Master Thesis

Analysis of Proton Exchange Membrane Fuel Cell Degradation

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Supervisor/s

Information

  • If you are interested in the proposal, please contact with the supervisors.

Description

Expected duration: 6 months
Relevant fields of interest: Electrical system theory, material sciences, electrochemistry, physics and chemistry
General Project description: PEM fuel cells are energy conversion devices based on electrochemical reactions
capable of delivering electrical power continuously when properly supplied with oxygen (air) and hydrogen.
However, these devices suffer from several degradation mechanisms that lead to a decrease in lifetime. In this
context, electrical and chemical analysis of an already degraded cell can improve the comprehension of these
degradation phenomena and lead to the development of control strategies in order to increase the cell’s durability.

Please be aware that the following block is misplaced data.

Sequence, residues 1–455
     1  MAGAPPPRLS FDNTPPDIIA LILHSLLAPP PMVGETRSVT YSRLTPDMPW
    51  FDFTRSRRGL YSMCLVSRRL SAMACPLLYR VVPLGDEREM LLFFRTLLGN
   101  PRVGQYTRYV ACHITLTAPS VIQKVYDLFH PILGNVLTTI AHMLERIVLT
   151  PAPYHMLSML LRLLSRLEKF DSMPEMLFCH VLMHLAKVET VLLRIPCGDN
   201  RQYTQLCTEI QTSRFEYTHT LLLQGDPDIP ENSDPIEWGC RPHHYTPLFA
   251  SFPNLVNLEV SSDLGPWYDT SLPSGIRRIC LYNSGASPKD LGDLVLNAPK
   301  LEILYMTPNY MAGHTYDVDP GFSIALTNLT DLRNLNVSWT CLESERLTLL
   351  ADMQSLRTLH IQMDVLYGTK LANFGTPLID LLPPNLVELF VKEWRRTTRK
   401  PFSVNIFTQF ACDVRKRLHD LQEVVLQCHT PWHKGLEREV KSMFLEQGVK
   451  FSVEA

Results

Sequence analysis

It is worth mentioning, that this work activity is framed within the scope of a project funded by the European
Union.
Objective: The objective is the investigation, identification and separation of degradation phenomena that occur in the different parts of the membrane electrode-assembly of a PEM fuel cell.

Methodology:
1. Analysis of existing experimental data of a degraded fuel cell stack
2. Design of new experiments and test setup (e.g. single cell spectroscopy) based on the results of the data analysis
3. Testing of the degraded stack and test analysis
4. Chemical and physical analysis of the degraded stack and cell components at the nanoscale (e.g. SEM-FIB, TEM, XPS)
The project may consist of all or part of these tasks!

Expected results: Identification of different degradation mechanisms by electrical and chemical analysis. Thus, important knowledge on causes for degradation will be obtained, in order to improve operating conditions for avoiding degradation and finally to design proper system controllers.
Contact: Please send an email containing the application letter and a complete CV to MSc. Stephan Strahl (sstrahl@iri.upc.edu), Dr. Attila Husar (ahusar@iri.upc.edu) and Dr. Jordi Llorca (jordi.llorca@upc.edu).